WASHINGTON – Despite a 20 percent increase in bankruptcy filings last year in Maryland, the state’s economy has not suffered and will likely continue to prosper, experts say.
More than 35,000 bankruptcies were filed in the state in 2005, according to records from the U.S. Bankruptcy Court for the District of Maryland. Nationwide, more than 2 million bankruptcy cases were filed last year, the highest number on record.
In Maryland, more than 11,000 cases were filed between Oct. 1 and Oct. 16 as consumers rushed to avoid a new, more stringent bankruptcy law, which went into effect Oct. 17.
John Hopkins, who produces economic forecasts for the state, said the economic impact of the surge in bankruptcies late last year will be minimal.
“That small portion — or relatively small portion — of the population didn’t constitute a lot of economic activity beforehand,” said Hopkins, the associate director of applied economics and human services at Towson University. “The economy is not going to miss them.”
Hopkins ranked Maryland in the top 20 percent of all states in terms of economic health due to high levels of personal and disposable income among residents. If either the real estate market or the economy experienced an unexpected slowdown, Maryland would fare much better than other states, Hopkins said.
A major factor fueling the state’s economy is the Base Realignment and Closure Act, or BRAC, which was approved by Congress and President Bush late last year. The act will result in the relocation of about 15,000 defense and consulting jobs to the state, primarily in Harford, Anne Arundel and Baltimore counties.
Peter Morici, an economist at the University of Maryland, College Park, said the recent cooling in the real estate market will have little effect on those who have recently declared bankruptcy.
“In the end, (creditors) aren’t going to be able to get more than a certain amount of money out of people,” Morici said. “The people who get hurt the most are the banks. Those are the ones that have been writing these squirrelly mortgages.”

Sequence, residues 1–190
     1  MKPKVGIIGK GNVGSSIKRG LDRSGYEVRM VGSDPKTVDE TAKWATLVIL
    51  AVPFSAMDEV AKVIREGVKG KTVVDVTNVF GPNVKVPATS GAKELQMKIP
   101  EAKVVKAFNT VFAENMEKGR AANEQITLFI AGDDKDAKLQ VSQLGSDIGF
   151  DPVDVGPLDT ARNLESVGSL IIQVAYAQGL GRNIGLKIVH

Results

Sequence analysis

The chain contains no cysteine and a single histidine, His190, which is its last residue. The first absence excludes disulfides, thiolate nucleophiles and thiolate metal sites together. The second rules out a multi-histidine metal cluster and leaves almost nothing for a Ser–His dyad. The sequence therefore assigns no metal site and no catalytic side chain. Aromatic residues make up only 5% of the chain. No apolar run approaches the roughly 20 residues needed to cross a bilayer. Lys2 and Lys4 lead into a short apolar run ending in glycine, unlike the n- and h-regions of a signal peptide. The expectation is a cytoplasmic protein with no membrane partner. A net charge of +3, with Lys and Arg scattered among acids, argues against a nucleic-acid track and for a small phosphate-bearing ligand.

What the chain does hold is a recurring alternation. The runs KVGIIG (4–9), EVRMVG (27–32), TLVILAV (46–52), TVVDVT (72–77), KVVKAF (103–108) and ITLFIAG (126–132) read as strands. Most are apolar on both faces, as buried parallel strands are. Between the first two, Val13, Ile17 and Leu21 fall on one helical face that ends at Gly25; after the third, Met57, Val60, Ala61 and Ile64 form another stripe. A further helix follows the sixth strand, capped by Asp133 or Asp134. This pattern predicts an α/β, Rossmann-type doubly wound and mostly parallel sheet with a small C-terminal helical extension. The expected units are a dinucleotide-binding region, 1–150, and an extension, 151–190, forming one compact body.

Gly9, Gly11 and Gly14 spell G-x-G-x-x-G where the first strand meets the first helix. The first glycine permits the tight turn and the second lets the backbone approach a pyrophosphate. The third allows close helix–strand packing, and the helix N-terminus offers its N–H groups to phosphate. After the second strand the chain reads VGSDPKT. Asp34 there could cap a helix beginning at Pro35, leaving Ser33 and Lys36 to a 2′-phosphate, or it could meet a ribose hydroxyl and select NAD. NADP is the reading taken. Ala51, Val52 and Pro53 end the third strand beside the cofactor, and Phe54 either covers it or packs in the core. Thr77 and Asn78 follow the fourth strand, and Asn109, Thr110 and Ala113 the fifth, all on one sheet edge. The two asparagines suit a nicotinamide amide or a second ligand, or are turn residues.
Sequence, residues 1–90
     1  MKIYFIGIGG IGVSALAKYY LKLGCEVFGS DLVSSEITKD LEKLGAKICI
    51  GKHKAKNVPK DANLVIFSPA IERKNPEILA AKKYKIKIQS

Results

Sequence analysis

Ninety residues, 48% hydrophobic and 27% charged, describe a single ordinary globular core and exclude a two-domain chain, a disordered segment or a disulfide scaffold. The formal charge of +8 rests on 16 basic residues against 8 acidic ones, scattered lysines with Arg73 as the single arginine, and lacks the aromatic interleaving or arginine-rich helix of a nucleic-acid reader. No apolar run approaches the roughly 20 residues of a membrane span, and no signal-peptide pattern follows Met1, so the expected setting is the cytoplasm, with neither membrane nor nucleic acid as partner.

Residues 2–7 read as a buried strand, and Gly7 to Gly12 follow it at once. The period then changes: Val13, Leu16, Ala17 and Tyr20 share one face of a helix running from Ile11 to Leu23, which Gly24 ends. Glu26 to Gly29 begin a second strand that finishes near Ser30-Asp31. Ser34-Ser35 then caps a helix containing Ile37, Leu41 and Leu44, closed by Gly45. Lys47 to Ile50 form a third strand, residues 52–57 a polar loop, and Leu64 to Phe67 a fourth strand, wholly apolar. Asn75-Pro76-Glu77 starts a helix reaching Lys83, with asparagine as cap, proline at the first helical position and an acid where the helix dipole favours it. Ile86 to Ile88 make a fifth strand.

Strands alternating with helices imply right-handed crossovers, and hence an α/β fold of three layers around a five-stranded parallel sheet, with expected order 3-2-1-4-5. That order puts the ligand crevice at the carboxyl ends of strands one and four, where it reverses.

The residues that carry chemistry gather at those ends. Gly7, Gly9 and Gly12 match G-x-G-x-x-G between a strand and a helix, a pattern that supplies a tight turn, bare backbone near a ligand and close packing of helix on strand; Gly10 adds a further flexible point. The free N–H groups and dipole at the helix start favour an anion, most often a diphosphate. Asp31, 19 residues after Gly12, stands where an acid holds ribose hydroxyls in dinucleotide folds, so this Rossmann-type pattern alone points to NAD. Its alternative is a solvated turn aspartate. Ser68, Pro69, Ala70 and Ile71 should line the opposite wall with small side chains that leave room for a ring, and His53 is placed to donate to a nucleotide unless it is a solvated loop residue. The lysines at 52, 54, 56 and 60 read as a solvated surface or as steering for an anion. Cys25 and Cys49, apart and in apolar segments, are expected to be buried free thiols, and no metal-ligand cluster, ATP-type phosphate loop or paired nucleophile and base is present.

Morici cited no-interest and negative-interest mortgages as examples of lending practices that will hurt banks if the economy takes a downturn.
Al Ingraham, president of the Maryland Association of Realtors, said such loans are one of the largest concerns looming before the real estate industry, though he hadn’t seen any problems so far.
“If there’s a hiccup in the system, these people are stretched to the limit,” he said. “They’ll have to throw up their hands and lose the house.”
Although high numbers of bankruptcies reflect growing debt, Hopkins said there is no reason to believe there will be a reduction in consumer spending.
In light of unusually warm winter weather, the average Maryland consumer bracing for a high heating bill might end up with more spending money at the end of each month, Hopkins said.
Consumers’ ability to withstand skyrocketing energy costs following Hurricane Katrina, he added, indicates they will probably be able to weather a significant economic drop-off. But Hopkins and Morici agreed that such a decline is not likely.
In a sign the market is slowing, the Maryland Association of Realtors said the average first-time home buyer found housing less affordable in November than at any time in the past five years.
Hopkins, however, said that Smart Growth policies, which restrict development in rural areas, and a shortage of land in Maryland will ensure continued growth.
Morici predicted the real estate market would flatten out or decline in 2006 and the economy would slow, but not “go south.”
“Anyone who believed the market was going to go on forever,” he said, “hasn’t been living on this planet.”